Orange Ladybird

Orange Ladybird ©Nancy Coppock

Orange ladybird

Scientific name: Halyzia sedecimguttata
The orange ladybird is pale orange with up to 16 cream spots on its wing cases. It feeds on mildew on trees like sycamore and ash, and hibernates in the leaf litter. It often turns up in moth traps.

Species information

Statistics

Length: 6mm

Conservation status

Common.

When to see

April to October

About

The orange ladybird is a large ladybird that feeds on mildew (fungus) on trees; it particularly likes sycamores, but has recently spread on to ash and is increasing in number. It hibernates in leaf litter, or in sheltered locations. The lifecycle of a ladybird consists of four phases: the egg; the larval stage, during which the larva undergoes a series of moults; the pupa, in which the larva develops into an adult; and the adult phase, during which the female lays eggs in batches of up to 40.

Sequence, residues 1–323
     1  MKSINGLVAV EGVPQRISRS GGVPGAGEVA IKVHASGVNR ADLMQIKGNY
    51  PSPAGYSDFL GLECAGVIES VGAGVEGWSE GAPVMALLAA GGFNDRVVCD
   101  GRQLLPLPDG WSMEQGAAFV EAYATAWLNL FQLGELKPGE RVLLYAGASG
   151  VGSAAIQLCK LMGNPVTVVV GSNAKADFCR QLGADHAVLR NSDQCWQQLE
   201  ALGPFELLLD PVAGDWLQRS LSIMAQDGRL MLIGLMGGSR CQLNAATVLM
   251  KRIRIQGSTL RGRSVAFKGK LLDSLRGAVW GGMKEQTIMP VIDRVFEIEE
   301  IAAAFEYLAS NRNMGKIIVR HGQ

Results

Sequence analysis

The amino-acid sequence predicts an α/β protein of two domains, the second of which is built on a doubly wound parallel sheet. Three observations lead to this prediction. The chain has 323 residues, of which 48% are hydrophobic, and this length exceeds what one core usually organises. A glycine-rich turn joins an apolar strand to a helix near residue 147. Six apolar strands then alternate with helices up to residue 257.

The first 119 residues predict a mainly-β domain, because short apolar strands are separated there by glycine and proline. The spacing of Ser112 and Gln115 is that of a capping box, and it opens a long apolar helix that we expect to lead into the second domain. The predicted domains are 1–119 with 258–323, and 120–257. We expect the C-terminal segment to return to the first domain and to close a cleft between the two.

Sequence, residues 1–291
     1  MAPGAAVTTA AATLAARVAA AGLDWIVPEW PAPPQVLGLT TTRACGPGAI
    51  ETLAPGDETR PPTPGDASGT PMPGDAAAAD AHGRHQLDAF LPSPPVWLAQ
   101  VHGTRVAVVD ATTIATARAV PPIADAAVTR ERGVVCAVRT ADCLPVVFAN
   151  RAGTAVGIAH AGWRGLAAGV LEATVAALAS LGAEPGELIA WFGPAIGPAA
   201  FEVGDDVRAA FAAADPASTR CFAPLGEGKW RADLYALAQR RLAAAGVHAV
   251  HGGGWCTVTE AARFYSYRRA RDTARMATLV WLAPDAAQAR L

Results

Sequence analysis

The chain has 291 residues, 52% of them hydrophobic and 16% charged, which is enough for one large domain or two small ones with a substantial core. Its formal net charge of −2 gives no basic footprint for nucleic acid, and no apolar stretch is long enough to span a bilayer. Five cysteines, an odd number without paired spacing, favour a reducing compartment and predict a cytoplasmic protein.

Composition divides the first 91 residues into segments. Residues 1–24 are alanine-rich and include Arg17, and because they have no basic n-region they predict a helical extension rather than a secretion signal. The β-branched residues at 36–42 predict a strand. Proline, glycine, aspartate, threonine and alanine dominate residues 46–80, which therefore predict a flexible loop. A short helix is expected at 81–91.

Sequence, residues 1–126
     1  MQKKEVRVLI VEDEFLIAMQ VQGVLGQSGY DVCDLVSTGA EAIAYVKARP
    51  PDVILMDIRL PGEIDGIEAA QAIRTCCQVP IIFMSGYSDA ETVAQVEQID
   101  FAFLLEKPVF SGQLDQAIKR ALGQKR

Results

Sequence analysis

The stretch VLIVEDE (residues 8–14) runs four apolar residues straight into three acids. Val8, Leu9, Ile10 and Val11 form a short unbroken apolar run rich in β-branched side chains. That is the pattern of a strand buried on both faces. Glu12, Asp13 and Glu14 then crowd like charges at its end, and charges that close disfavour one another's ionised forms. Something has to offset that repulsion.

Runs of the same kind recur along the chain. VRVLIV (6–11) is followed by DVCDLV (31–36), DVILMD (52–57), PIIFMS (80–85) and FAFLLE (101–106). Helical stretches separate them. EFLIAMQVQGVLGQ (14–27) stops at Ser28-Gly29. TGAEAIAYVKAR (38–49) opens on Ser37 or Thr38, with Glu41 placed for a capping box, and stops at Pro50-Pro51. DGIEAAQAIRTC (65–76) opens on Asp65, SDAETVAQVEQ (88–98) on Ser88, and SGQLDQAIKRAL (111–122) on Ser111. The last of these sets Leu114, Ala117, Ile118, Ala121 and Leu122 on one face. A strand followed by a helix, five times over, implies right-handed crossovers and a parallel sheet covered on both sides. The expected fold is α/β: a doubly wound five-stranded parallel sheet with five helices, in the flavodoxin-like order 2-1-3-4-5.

How to identify

The orange ladybird is pale orange with 14 to 16 white spots. The cream-spot ladybird is similar, but is a darker browny-orange colour and is a little bit smaller. Cream-spot ladybirds are more often found on bushes and at woodland edges.

Distribution

Widespread in England and Wales, but rarer in Scotland.

Did you know?

The orange ladybird is attracted to bright lights at night and often turns up in moth traps.

How people can help

Our gardens are a vital resource for wildlife, providing corridors of green space between open countryside, allowing species to move about. In fact, the UK's gardens provide more space for nature than all the National Nature Reserves put together. So why not try planting native plants and trees to entice birds, mammals and invertebrates into your backyard? To find out more about encouraging wildlife into your garden, visit our Wild About Gardens website: a joint initiative with the RHS, there's plenty of facts and tips to get you started, at www.wildaboutgardens.org.uk.